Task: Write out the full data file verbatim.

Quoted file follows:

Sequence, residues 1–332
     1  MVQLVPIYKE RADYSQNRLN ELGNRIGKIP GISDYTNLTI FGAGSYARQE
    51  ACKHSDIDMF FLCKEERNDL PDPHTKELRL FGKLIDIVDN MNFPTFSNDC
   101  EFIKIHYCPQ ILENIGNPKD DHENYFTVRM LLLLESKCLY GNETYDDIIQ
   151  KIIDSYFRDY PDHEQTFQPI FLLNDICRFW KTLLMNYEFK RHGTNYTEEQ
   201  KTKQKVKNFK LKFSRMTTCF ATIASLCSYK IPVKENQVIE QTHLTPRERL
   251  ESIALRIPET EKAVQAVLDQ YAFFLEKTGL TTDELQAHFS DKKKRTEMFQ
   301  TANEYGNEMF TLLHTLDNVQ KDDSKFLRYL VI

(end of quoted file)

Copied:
Sequence, residues 1–332
     1  MVQLVPIYKE RADYSQNRLN ELGNRIGKIP GISDYTNLTI FGAGSYARQE
    51  ACKHSDIDMF FLCKEERNDL PDPHTKELRL FGKLIDIVDN MNFPTFSNDC
   101  EFIKIHYCPQ ILENIGNPKD DHENYFTVRM LLLLESKCLY GNETYDDIIQ
   151  KIIDSYFRDY PDHEQTFQPI FLLNDICRFW KTLLMNYEFK RHGTNYTEEQ
   201  KTKQKVKNFK LKFSRMTTCF ATIASLCSYK IPVKENQVIE QTHLTPRERL
   251  ESIALRIPET EKAVQAVLDQ YAFFLEKTGL TTDELQAHFS DKKKRTEMFQ
   301  TANEYGNEMF TLLHTLDNVQ KDDSKFLRYL VI